So when I reflect back on this and similar occasions (which have happened to everyone, no doubt), I think that perhaps my friend is right that the idea of being left behind is more fearsome than the actuality. But I also find that his assessment is incomplete.
My new conclusion is that my fear of being left behind is really rooted in the fear that belonging is but an illusion. And I suppose this fear carries validity and it does not at the same time, for one’s certainty in belonging can wax and wane just as much as can one’s certainty in alienation and exclusion.
There is an ecstasy in being in the company of others. Ideally, the presence of others allows one to feel recognized, seen, appreciated, wanted. Even when there is acrimony, there is at least a mutual recognition, a certainty of belonging to a dynamic, or an energetic exchange between two living souls. There is a reminder of one’s existence and its effects in relationship.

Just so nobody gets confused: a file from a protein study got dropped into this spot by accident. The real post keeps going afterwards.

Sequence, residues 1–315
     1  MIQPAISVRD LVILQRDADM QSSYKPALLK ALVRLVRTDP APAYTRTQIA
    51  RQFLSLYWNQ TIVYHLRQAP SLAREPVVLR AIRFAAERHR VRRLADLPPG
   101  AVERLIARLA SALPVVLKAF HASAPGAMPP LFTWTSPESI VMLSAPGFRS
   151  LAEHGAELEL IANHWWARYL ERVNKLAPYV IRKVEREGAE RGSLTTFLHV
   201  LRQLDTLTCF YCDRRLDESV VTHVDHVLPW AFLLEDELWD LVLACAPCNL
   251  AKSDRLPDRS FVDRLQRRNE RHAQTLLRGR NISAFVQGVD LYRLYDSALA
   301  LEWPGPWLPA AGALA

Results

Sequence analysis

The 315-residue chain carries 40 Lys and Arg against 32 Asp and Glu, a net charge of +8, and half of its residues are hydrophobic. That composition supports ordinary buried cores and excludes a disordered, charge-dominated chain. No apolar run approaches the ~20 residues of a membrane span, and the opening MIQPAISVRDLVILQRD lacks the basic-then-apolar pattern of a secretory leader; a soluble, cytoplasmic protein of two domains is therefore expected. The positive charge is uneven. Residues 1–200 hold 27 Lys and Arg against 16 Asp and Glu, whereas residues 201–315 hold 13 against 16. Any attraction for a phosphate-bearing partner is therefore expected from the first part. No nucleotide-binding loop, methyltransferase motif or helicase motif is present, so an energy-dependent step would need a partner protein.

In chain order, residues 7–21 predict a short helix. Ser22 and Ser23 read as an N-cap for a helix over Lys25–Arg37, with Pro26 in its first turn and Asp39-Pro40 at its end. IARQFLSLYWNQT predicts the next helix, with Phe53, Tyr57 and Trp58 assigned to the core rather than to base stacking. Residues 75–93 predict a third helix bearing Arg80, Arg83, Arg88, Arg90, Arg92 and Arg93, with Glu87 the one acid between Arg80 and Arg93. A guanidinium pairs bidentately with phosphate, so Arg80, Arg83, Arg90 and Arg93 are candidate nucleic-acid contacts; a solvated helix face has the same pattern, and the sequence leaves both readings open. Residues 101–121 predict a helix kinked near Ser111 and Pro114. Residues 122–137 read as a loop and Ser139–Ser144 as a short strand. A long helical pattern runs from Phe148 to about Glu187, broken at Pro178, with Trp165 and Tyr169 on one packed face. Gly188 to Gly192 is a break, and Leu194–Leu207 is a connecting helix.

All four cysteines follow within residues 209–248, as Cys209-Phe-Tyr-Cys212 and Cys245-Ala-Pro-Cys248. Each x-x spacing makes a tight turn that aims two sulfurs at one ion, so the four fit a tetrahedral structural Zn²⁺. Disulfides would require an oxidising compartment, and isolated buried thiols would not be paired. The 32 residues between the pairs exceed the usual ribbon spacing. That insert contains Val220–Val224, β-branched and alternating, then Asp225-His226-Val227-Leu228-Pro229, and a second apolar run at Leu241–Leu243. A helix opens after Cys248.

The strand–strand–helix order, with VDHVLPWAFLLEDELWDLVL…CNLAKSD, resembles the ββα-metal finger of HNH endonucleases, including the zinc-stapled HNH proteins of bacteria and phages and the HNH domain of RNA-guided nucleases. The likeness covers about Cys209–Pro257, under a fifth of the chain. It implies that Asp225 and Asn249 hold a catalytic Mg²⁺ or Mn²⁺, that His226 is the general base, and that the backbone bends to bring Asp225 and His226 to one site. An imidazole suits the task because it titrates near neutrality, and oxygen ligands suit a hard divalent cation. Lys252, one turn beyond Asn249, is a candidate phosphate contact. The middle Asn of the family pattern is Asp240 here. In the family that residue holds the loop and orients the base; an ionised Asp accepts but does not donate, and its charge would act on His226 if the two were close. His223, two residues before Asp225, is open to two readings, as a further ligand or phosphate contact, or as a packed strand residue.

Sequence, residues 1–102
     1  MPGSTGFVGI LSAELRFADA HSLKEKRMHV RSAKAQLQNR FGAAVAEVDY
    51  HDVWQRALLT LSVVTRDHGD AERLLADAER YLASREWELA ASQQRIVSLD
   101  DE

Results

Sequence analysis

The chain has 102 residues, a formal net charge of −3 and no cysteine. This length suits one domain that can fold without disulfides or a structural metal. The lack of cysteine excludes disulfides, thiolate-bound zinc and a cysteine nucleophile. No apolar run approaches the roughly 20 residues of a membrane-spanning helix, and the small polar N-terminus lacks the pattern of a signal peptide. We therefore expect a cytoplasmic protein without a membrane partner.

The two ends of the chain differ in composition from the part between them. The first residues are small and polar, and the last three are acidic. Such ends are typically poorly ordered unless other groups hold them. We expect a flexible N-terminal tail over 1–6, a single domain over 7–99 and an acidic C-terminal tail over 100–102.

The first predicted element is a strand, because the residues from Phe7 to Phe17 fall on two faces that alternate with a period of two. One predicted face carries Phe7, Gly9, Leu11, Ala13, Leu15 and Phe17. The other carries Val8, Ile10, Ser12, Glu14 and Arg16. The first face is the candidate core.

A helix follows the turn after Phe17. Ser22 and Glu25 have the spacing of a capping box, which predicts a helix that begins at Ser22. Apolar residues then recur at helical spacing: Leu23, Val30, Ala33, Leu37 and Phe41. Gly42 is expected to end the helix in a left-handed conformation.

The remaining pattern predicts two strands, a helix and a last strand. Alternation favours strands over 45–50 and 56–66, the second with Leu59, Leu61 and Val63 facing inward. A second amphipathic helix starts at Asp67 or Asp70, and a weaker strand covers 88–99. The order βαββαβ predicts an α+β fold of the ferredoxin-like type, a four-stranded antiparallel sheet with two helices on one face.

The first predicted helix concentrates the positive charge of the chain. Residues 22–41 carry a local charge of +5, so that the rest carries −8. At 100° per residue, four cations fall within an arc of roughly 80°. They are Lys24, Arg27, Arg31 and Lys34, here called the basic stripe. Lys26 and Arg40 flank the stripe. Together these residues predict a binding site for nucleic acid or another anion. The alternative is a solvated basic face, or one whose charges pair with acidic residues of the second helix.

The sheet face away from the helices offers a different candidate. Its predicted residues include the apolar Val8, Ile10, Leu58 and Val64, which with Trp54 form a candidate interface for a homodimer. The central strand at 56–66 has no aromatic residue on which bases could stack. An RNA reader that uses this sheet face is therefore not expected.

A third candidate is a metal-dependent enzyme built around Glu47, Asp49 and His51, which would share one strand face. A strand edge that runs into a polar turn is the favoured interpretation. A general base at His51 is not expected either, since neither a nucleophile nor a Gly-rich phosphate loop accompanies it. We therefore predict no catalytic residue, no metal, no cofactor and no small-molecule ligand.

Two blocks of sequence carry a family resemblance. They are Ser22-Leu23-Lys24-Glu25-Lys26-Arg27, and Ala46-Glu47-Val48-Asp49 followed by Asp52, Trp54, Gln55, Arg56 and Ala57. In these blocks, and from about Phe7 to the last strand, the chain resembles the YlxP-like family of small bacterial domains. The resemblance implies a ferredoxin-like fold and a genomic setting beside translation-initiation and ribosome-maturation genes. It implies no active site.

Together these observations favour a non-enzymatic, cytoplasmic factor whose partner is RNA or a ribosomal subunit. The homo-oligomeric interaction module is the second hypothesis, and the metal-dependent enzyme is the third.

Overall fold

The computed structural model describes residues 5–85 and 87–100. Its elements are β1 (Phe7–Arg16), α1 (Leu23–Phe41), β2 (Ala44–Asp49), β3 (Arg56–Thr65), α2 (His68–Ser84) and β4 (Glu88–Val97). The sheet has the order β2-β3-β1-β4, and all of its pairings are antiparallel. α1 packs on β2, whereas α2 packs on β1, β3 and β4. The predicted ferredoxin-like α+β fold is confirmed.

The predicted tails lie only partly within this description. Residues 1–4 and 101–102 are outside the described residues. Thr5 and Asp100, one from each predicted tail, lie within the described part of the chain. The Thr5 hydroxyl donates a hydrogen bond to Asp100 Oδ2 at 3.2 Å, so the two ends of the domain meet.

When it feels like there is no one there, no human source of reflection and validation (and realistically also projection), or if there is what might be called an “insecure attachment”, wherein the person is inconsistently present or available, the agony of loneliness can feel damning.
I think of the phenomenon of being ghosted, for instance. The ghost is not necessarily the person who has exited the conversation without announcing their departure. The ghost is the person whose voice is left hanging in the wind, a thread of unfinished business.
This can be very disarming, because it can reveal the degree to which one has predicated one’s feelings of integral joy on the security of the other’s continued regard.